Role: Panelist, Voice of Change and Jerusalem Boxing Club
Tsafi Saar is a journalist at “Haaretz” daily newspaper, writing a weekly column about feminism and gender at “Galleria Shishi,” the cultural weekend edition.
Chen & Anat Shelach
Role: Director & Protagonist, Partner With The Enemy
Chen and Anat are from Kibbutz Mizrah. For years, Anat managed the division of Jordan-Israel commerce for a major logistics company. In 2011, she partnered with Rola Srouji, a businesswoman from Ramallah. Together, they own and manage Unlimited Logistics, a company that specializes in transporting commodities to and from the Palestinian Territories via Israeli ports. Chen directed the film “Partner with the Enemy,” a documentary about Anat and Rola Srouji’s business and relationship.
Role: Moderator, Oriented
Daniel J. Sokatch is the Chief Executive Officer of the New Israel Fund (NIF), the leading organization committed to equality and democracy for all Israelis. Before joining NIF, Sokatch served as the Executive Director of the Jewish Community Federation of San Francisco, the Peninsula, Marin and Sonoma Counties. Prior to his tenure at Federation, he served as the founding Executive Director of the Los Angeles based Progressive Jewish Alliance. In recognition of his leadership, Sokatch has been named to the Forward newspaper’s “Forward 50,” an annual list of the fifty leading Jewish decision-makers and opinion-shapers, in 2002, 2005 and 2008 and 2010. Daniel has an MA from the Fletcher School at Tufts University, a JD from Boston College Law School, and a BA from Brandeis University. He is married with two daughters and resides in San Francisco.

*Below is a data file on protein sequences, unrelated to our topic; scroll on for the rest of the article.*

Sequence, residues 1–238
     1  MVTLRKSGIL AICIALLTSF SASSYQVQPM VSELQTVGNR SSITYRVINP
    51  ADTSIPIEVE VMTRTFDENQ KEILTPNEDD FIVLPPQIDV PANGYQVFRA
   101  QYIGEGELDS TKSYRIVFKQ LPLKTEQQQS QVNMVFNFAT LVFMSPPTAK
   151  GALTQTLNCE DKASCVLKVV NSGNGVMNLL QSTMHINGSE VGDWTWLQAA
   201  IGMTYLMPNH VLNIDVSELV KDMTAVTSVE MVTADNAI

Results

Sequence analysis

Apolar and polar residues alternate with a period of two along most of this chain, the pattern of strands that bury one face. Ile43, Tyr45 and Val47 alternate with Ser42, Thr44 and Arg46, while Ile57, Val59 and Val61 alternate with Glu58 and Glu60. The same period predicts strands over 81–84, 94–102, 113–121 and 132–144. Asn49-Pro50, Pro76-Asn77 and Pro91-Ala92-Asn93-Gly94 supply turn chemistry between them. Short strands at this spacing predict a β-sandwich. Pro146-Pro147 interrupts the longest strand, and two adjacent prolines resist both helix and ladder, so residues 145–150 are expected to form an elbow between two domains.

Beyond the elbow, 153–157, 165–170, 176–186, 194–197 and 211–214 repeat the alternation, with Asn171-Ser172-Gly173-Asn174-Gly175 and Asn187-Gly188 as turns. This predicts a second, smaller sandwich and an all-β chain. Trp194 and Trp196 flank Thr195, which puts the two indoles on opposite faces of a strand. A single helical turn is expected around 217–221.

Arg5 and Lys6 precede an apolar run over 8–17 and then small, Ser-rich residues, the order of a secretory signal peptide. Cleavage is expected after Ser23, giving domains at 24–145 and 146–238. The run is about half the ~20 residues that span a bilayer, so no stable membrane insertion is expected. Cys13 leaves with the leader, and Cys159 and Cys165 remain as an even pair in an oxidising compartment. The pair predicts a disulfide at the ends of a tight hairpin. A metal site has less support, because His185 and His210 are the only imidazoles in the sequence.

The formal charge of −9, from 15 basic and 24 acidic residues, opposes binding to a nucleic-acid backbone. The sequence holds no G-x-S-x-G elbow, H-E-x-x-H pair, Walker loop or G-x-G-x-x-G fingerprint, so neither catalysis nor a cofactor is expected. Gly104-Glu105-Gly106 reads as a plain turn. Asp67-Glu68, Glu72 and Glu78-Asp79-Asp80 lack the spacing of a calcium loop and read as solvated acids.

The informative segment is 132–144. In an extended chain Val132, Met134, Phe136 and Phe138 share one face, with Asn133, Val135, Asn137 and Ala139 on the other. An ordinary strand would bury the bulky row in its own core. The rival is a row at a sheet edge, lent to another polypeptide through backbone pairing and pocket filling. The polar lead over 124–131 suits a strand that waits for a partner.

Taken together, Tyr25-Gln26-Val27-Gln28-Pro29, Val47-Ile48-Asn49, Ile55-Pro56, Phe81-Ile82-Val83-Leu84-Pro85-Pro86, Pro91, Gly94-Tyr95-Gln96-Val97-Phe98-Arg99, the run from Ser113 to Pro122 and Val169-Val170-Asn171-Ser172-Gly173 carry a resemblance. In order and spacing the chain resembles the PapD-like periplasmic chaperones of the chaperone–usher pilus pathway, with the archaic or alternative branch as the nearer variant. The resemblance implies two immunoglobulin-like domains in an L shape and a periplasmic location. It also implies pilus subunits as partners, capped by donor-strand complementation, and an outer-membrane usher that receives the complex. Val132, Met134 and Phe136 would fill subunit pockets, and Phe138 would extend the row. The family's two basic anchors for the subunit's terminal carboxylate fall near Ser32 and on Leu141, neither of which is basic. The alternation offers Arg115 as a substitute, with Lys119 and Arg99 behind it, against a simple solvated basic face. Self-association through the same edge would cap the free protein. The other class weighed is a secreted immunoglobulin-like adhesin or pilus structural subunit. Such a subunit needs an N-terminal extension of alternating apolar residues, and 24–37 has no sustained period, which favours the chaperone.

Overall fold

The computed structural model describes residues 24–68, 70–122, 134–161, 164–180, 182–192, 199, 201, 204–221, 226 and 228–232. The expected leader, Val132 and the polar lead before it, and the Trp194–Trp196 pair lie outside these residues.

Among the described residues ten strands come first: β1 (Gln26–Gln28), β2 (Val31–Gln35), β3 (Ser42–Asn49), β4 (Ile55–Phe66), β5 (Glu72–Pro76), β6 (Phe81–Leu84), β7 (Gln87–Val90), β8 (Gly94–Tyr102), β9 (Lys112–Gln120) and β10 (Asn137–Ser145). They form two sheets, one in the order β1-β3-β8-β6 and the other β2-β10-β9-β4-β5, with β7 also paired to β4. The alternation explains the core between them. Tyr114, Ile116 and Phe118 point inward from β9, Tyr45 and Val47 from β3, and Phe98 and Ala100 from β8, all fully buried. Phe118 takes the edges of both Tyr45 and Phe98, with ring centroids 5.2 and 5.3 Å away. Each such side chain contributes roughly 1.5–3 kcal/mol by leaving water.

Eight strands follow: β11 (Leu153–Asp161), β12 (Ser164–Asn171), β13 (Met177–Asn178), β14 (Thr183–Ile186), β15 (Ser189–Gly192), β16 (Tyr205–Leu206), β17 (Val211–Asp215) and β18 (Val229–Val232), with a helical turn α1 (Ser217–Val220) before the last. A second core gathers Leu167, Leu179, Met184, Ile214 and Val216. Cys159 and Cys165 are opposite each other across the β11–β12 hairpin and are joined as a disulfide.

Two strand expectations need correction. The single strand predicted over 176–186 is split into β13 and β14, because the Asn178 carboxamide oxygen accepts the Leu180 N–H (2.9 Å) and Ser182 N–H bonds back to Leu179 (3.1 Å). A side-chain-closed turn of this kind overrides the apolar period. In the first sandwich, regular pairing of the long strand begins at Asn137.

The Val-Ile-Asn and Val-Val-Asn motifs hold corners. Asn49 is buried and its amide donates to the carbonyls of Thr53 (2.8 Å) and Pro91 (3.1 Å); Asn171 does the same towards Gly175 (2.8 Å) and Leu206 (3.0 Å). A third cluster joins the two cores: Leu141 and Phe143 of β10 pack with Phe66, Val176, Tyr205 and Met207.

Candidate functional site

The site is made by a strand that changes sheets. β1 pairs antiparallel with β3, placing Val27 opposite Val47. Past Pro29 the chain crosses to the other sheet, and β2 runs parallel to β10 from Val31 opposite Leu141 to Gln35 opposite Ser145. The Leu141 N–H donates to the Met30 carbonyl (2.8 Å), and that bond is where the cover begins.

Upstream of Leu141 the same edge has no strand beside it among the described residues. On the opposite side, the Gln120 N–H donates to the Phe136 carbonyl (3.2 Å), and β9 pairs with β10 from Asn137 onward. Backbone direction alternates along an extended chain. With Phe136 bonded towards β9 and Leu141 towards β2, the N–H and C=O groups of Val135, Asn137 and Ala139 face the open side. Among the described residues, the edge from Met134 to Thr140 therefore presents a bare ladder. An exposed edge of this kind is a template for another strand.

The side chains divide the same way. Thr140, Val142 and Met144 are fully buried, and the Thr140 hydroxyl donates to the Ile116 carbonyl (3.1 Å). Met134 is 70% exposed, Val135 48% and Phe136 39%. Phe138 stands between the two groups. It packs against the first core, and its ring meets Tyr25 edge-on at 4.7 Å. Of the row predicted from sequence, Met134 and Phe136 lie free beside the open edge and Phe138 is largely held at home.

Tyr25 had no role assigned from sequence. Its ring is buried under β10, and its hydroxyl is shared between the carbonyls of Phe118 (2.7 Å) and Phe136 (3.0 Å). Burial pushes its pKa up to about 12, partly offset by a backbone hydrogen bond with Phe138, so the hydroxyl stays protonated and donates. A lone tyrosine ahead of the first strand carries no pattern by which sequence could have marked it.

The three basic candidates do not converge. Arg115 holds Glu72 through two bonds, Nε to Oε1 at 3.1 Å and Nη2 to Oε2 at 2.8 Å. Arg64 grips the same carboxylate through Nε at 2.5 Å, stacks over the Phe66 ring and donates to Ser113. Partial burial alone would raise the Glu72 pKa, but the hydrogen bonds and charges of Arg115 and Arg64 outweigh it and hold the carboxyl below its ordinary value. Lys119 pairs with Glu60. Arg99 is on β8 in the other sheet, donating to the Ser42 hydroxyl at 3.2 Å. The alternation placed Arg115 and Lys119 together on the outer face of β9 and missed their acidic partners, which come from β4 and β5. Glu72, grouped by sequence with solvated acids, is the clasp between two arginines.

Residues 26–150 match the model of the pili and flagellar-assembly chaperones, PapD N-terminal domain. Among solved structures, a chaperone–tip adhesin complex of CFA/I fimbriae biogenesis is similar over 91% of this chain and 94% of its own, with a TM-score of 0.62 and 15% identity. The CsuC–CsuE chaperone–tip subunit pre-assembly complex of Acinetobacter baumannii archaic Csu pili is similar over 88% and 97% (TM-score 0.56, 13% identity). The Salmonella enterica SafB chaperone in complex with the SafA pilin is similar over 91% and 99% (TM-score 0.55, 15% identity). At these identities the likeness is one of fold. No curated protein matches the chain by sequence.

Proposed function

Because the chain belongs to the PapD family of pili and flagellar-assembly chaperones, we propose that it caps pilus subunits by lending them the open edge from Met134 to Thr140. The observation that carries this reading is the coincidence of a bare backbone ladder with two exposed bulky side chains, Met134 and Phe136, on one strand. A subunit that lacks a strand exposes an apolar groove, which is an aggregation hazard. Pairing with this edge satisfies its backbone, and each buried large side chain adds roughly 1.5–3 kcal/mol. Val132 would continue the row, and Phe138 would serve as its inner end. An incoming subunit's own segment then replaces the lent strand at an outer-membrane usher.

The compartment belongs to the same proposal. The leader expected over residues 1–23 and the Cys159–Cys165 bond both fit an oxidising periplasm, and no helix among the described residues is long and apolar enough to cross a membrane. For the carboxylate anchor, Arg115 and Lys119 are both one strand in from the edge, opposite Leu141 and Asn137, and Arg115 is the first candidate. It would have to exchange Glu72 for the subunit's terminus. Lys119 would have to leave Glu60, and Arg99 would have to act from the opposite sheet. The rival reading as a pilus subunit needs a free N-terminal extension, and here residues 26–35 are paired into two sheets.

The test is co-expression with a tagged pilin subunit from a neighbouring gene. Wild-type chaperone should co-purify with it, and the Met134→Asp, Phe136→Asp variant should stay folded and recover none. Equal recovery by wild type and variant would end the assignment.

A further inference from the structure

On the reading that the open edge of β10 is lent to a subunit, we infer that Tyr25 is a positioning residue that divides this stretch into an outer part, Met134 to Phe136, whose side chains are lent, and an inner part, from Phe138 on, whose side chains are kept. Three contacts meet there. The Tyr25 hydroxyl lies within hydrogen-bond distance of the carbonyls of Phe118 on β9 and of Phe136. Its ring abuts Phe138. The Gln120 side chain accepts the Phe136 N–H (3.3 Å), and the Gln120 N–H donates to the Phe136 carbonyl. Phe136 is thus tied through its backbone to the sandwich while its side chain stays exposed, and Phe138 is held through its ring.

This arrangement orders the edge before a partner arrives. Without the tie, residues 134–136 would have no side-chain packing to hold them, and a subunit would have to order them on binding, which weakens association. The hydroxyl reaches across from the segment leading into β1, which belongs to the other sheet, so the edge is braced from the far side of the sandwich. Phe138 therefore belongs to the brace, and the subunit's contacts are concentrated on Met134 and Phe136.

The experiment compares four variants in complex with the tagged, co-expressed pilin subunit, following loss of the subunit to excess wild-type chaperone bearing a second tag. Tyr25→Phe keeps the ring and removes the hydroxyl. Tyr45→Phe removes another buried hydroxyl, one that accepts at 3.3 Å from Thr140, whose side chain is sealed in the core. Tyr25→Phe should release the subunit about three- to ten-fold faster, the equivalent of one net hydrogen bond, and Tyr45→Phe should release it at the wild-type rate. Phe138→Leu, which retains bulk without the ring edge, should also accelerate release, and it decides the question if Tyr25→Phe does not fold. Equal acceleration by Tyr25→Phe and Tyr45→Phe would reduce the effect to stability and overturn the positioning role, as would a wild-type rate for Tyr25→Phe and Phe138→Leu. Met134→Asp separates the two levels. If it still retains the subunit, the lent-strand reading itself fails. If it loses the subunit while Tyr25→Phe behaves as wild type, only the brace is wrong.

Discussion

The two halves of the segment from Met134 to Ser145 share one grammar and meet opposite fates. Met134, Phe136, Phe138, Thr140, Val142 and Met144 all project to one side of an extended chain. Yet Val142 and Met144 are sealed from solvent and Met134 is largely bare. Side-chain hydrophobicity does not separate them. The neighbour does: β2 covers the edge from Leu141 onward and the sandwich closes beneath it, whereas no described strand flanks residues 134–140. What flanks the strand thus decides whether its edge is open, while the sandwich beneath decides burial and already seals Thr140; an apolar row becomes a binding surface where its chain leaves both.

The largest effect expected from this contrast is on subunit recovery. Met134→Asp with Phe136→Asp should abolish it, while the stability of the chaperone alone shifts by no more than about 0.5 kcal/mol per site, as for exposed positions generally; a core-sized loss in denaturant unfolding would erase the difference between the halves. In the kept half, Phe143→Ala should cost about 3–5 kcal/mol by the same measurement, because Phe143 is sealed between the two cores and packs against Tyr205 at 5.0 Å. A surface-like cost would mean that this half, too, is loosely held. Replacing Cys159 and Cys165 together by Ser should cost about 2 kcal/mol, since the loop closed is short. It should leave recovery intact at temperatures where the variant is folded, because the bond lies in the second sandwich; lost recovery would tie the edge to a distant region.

Role: Moderator, Teaching Ignorance
Meg Sullivan is the Co-Founder and Director of Project Harmony Israel, an English immersion summer camp for Arab and Jewish youth in Jerusalem developed in partnership with the Hand in Hand: Center for Jewish-Arab Education in Israel. Since Project Harmony’s founding in 2010, camp has grown from 25 to over 100 participants ages 8-17, and serves both children from the Hand in Hand Max Rayne School in Jerusalem and others from the Jerusalem area. Meg holds a BA from the University of Chicago and an MS in Negotiation and Conflict Resolution from Columbia University, and in addition to her work in Jerusalem is also the Program Director for the Jewish Journey Project (an initiative of JCC Manhattan). Meg is a native New Yorker.
Role: Director, Arabic Movie
Sara is an M.A in Sociology and Anthropology from TLVU (2005), an award winner researcher (Docaviv 2014), and founder of Cinema North – the northern filmmakers forum, which promotes and supports filmmakers from the northern periphery in Israel (2012). Sara worked as a journalist and news reporter for several leading newspapers. Since 1998, she was a researcher and a content editor on the Channel 2 Morning show and on several documentary projects led and directed by top television journalists and documentarists in Israel. Arabic Movie (2015) is her first film as a director.
Role: Protagonist, Rock In The Red Zone